Dangerous to touch, healthy to eat
The prickly pear cactus has been used for thousands of years for food and medicinal purposes, mostly by Native Americans. The cactus and its fruit, known as “tuna,” are raised commercially around the world. There are approximately 350 varieties. The pads of the cactus are eaten as a vegetable and called nopalito or nopales. On the pads grow small red pears that are very flavorful.Channel Seven loses legal battle after 'racist portrayal' of tribe
Channel Seven has lost a three-year legal battle with broadcasting authorities over a current affairs program it aired in 2011 which was deemed to be an inaccurate and racist portrayal of a Brazilian tribe who lived in the Amazon. The battle to overturn the Australian Communications and Media Authority’s original ruling was lost last week when the full federal court dismissed Channel Seven’s appeal and ordered it to pay Acma’s costs.'People in the west live squeezed together, frenzied as wasps in the nest'
Years ago I met a young Amazonian shaman, or spiritual leader, on his first visit to London. As we went down the escalator into the London Underground I could see he was nervous. All these white people rushing around under the city must be spirits or ghosts, he said. When we emerged, he was himself nearly white, shaken from his cosmological introduction to Britain.Peru's shamans predict favourable year for U.S., Cuba in annual tradition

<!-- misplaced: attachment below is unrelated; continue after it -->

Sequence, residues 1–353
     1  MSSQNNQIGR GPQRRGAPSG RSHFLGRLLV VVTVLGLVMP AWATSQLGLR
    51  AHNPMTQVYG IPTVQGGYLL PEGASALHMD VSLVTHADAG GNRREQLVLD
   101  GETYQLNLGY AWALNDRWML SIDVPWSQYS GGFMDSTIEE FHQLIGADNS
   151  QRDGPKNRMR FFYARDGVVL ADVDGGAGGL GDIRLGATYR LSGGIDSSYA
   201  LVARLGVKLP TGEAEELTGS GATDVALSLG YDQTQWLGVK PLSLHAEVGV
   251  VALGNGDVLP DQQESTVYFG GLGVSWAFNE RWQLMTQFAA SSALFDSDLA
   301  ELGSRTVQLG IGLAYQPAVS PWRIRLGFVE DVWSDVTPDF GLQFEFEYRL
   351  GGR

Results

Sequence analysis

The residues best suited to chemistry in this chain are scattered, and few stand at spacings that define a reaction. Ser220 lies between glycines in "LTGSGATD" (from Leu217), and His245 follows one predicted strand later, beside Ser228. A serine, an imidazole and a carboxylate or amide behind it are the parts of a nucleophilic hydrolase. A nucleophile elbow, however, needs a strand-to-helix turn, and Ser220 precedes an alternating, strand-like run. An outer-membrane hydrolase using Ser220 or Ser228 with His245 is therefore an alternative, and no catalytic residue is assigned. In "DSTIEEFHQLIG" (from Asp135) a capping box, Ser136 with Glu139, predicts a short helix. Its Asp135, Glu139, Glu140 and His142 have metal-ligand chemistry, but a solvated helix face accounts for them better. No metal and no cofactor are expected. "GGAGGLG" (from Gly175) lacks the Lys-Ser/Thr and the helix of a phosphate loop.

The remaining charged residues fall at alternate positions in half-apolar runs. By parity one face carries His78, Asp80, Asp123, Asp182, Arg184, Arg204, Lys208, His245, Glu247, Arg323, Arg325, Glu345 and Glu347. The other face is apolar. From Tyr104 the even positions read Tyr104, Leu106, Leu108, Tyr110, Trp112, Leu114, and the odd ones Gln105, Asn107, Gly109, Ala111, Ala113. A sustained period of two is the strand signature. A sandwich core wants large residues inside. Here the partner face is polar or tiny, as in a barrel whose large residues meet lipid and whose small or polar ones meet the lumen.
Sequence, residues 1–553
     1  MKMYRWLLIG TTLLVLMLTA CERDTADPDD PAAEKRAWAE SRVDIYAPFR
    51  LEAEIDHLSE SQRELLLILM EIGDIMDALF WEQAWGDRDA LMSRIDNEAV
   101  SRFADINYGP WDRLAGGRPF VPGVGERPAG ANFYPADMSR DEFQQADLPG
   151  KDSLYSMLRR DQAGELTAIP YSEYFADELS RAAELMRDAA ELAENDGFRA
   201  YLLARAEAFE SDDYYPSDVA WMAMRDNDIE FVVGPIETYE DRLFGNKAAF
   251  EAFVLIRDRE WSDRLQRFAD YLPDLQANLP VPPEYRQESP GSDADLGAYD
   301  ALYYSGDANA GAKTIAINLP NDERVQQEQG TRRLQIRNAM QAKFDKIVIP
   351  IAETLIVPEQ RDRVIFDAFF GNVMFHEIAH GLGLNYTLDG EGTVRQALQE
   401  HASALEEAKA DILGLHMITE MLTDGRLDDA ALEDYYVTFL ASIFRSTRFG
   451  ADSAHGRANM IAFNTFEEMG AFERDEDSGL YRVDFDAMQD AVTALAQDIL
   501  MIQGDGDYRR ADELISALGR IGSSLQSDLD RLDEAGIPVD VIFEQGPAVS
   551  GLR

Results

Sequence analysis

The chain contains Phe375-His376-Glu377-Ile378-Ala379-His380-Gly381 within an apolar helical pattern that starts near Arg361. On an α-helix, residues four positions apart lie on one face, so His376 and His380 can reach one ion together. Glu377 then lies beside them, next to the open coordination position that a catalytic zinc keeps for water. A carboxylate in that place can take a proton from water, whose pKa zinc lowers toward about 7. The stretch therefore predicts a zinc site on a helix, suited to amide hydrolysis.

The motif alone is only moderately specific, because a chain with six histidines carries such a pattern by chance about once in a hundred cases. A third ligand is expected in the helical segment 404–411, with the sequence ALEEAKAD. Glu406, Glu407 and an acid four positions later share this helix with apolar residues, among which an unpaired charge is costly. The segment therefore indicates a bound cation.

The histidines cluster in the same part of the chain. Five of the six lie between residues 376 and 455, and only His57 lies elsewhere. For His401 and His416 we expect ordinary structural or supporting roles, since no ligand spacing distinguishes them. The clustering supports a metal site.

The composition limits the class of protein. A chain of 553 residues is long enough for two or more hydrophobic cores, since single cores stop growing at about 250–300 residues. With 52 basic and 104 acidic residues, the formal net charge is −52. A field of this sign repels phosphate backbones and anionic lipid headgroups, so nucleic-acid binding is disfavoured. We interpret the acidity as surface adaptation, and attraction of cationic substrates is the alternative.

The U.S. restoring diplomatic ties with Cuba, severed by Washington more than 50 years ago, dominated the annual end-of-year ritual of Peru's shamans on Monday (December 29) as they made predictions and offered prayers for 2015. Surrounded by yellow and red flowers, the medicine men sang and danced on a Lima beach, focusing their attention on U.S. and Cuban flags as well as photographs of Cuban President Raul Castro and U.S. President Barack Obama.Miccosukee Tribe reveals private side to public, opening doors to their culture
For the first time, the Miccosukee Tribe of Indians of Florida shared one of their most sacred dances to the public, signaling they are opening the doors to their culture and traditions. During the 40th annual Miccosukee Indian Arts & Crafts Festival at the tribe’s Indian village west of Miami-Dade County, the public got to see tribe members perform a stomp dance.